Boiler refractory issues are one of the leading causes of boiler shutdowns and also the easiest to go undetected. In this article we cover the basics of boiler refractory repair and what to watch out for.
What is Refractory?
Boiler refractory is heat-resistant materials that are used to line the boiler to help it retain heat. This prevents thermal loss during boiler operation. It also helps the boiler retain heat even when it is not firing.
Refractory can be made of a number of different materials but is commonly brick, tile, castables or gunning mixes.
According to American Boiler Company, boiler refractory can be comprised of:
“…compounds and minerals such as fireclays, bauxite, silicon carbide, zirconia, chromite, alumina, dolomite, or magnesite.”
Regardless of the material being used, it extremely important that it is able to withstand the heat, pressure and chemicals used in a boiler. If the incorrect refractory material is used, it can create serious safety issues that will also result in boiler downtime.
Note: Refractory is used in heating applications of 1000 degrees Fahrenheit or more.
What Causes Refractory Failure?
While refractory tends to be resilient in nature, it is in fact considered a consumable. This means general wear and tear over time will eventually cause it to fail. This is due to the high pressures, high temperatures, slag and chemicals in a boiler system.
One of the most common causes of refractory failure, outside general wear and tear, is spalling. This is when the refractory materials expand or contract at different rates due to thermal conditions. This often results in cracks in the refractory that require repair.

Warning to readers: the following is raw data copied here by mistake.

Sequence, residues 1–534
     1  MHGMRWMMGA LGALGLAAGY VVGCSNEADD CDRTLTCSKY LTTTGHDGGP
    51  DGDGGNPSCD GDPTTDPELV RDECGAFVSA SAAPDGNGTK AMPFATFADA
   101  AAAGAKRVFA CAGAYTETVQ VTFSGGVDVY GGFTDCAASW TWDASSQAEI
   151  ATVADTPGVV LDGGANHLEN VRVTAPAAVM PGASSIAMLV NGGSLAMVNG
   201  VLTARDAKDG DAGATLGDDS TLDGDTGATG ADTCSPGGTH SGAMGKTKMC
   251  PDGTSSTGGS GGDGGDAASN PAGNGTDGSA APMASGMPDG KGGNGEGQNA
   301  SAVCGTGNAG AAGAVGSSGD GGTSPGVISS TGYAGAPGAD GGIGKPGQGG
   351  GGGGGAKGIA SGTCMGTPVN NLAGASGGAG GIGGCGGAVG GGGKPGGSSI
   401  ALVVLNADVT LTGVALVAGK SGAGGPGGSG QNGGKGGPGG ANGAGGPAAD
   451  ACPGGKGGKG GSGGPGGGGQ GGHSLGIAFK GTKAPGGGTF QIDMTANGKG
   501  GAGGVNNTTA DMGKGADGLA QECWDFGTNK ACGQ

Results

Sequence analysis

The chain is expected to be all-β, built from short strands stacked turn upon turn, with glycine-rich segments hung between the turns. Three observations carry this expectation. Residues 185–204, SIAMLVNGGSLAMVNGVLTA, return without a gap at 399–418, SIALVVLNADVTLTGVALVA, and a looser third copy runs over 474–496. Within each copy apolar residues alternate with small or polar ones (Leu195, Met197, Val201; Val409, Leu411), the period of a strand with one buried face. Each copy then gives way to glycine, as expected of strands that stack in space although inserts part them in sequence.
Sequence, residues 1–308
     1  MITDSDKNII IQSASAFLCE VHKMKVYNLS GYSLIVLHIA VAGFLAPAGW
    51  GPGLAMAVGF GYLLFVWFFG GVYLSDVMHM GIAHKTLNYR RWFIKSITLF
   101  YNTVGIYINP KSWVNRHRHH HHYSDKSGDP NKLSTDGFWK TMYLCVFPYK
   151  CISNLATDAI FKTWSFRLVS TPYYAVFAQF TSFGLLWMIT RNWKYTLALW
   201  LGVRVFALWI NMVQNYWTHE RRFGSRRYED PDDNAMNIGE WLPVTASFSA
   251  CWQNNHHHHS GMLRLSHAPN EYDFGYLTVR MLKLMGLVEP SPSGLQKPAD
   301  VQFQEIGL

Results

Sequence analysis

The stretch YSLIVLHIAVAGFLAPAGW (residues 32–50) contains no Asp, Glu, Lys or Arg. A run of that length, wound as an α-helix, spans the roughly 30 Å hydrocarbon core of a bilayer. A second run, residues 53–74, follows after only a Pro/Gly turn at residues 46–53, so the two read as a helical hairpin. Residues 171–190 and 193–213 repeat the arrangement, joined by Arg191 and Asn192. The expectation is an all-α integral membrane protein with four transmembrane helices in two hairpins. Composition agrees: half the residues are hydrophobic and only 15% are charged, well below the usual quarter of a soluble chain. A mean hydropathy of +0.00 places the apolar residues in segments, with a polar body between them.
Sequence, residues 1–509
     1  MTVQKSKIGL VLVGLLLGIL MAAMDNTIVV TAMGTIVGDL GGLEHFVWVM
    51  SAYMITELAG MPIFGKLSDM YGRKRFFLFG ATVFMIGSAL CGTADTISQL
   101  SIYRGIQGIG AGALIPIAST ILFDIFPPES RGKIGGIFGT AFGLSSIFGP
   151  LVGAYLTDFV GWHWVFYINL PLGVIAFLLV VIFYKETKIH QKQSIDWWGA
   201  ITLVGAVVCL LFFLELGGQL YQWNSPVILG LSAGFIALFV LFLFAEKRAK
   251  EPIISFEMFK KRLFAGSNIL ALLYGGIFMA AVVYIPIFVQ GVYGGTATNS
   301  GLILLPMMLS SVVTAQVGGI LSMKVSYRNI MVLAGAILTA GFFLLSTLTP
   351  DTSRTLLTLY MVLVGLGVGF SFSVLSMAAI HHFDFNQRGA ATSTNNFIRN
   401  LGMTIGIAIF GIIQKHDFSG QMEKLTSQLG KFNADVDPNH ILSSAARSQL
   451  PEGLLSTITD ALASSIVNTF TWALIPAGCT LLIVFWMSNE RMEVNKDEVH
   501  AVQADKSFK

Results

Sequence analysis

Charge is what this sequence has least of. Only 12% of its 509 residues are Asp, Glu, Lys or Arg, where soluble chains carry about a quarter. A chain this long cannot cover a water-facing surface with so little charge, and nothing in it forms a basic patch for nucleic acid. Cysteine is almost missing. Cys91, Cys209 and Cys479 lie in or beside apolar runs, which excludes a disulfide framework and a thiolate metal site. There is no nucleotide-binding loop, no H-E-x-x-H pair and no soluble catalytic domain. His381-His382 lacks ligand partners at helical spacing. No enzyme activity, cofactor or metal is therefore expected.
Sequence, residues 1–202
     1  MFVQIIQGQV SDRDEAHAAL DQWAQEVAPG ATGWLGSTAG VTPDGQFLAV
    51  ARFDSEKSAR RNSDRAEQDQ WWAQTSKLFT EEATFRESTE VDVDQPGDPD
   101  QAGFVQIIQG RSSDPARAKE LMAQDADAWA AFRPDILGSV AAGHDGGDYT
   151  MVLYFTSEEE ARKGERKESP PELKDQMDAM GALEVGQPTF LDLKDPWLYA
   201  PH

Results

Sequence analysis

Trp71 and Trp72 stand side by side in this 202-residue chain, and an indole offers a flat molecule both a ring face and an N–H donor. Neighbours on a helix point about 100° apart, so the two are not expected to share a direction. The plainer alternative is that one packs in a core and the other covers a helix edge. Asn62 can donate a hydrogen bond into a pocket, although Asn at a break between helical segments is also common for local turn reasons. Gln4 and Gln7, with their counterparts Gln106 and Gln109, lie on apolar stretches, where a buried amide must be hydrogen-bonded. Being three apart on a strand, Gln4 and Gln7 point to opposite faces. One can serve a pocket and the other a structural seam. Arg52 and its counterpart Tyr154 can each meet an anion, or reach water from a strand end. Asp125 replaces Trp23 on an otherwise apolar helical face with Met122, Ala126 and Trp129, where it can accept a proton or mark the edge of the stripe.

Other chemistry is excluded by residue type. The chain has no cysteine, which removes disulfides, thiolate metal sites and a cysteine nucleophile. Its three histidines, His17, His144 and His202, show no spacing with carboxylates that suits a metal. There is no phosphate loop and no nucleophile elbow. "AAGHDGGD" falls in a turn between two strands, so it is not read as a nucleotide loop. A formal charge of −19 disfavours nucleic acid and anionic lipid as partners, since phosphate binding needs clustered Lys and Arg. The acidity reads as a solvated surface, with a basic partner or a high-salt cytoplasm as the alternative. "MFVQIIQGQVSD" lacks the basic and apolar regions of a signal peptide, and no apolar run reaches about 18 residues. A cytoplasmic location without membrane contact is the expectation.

Finally, if the incorrect refractory materials are installed, it will eventually lead to failure. When this occurs, the refractory is often unable to handle the pressure or heat and begins to crack or crumble.
Signs Of Failure
According to Honiron, “Common signs that the refractory material of your boiler may need repair include fractured or broken refractory tiles. You may also see evidence of boiler leaks, difficulty in opening and closing refractory doors, and damaged seal joints.”
Another common sign of failure is the appearance of hot spots on the casing, burner area, or shell of the boiler. This is when one spot on a boiler is hotter than the surrounding area, indicating damage to the refractory in that area. Common tell-tale signs are burnt paint in an area or budging in an area.
Boiler Refractory Repair Basics
Before we get into how to repair refractory cracks, it is important to realize that not all cracks are bad. In fact, some cracks are normal. The normal cracks are small and close up during the heating process and open again during the cooling process. This is due to thermal expansion and contraction. If these cracks get filled while the refractory is cool, they shell will bulge when the refractory expands during the heating process.
A good rule of thumb is that if the crack or section missing is larger than a fist, you should call a refractory expert. If it is smaller, and you wish to repair the crack yourself, follow these steps:
Begin by cleaning the surface of the refractory of any loose material with the goal of “V”ing out the crack. Once complete, you can apply the appropriate refractory repair compound to the crack. This often requires the crack be at least 5 mm in size. Work the compound into the crack and finally smooth it out.